Nothing remarkable BUT this is the THIRD time following a Chelsea chop or equivalent that this plant has produced a fresh flush of new blooms.
Each stem is in flower for about three weeks, then they are deadheaded and tops OF STEMS are cut/pinched back to a lower level in order to encourage another flush of blooms, perhaps not as many as the first or second but still good value for the eye to enjoy.
The blooms when fully open, are scented as well so ideal for a window box or high container to be able to get your nose right up to the blooms and breathe in the delicate fragrance which typifies this type of viola.
Unless a plant sold as a violetta has a “ distinct sweet “ perfume then it cannot be judged to be a true violetta according to horticultural definition .It is should compact with blooms held on study upright stalks. (the attachments clearly illustrate this point)
Only a few separate colours exist and sadly most suppliers of plants do not specify the distinction in their lists for sale, most keep them in the bedder section, which I feel is a pity as I think once the general public realised how delightful these plants ,are and just how easy to grow and divide each year they would become far more popular.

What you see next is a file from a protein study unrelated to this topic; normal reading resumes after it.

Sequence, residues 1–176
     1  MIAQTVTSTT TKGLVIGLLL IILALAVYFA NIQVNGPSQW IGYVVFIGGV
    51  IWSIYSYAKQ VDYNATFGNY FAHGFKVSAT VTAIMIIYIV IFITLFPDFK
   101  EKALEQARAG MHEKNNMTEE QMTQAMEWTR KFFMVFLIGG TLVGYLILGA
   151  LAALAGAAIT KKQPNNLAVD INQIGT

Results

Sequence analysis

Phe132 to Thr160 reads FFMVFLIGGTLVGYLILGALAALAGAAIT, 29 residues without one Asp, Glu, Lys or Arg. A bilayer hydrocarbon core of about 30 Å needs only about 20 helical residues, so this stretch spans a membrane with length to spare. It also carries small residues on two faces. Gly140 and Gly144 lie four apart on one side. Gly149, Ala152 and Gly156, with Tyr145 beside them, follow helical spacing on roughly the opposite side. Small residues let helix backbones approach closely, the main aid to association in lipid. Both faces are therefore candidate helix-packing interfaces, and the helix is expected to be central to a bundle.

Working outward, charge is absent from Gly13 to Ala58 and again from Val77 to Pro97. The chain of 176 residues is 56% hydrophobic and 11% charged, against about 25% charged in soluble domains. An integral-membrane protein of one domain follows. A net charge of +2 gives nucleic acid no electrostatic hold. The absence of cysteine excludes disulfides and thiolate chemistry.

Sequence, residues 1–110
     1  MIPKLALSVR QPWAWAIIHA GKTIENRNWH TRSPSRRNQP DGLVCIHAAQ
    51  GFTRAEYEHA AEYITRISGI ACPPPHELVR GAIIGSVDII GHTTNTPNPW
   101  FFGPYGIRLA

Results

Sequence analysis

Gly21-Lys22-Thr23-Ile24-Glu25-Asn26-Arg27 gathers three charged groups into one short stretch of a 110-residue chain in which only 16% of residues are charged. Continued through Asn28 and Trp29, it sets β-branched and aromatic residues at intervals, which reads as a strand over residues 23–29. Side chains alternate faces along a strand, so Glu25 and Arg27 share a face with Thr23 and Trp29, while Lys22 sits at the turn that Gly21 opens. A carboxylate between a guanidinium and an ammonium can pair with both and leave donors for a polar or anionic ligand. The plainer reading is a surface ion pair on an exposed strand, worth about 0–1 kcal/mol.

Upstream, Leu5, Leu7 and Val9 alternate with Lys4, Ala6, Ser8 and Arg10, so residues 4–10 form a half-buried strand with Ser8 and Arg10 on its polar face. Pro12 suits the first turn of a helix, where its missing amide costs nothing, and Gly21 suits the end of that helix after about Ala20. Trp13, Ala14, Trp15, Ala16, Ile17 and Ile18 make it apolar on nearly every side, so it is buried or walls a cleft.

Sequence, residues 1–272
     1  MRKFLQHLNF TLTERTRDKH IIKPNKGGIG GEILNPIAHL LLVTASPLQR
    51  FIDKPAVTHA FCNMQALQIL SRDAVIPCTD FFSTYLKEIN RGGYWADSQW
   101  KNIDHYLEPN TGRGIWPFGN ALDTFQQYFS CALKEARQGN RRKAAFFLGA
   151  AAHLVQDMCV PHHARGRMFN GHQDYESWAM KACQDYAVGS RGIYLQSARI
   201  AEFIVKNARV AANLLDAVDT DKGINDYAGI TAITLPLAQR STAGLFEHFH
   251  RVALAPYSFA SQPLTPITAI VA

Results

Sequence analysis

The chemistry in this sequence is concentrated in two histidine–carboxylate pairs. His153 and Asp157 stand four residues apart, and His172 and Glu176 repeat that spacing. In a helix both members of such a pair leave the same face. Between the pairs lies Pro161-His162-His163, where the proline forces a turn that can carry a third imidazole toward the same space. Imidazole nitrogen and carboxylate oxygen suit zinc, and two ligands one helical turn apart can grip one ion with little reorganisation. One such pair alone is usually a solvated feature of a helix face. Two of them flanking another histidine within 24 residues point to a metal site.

These are from division of plants that I first obtained in 2007.
I divide each September, and then just plant these divisions in a fairly sheltered position in the garden spray a few times to prevent infestations of aphids and just let them get on with it.
Our Annual show has special classes for these cultivars shown in pots or vases. This is the ideal place to visit see and choose the ones you like best.
There is a special class for Rebecca with a trophy at the annual show given to remember the memory of Pauline Leigh who was a stalwart member for a large number of years, her two sons are still current members, having been with the Society for a large number of years.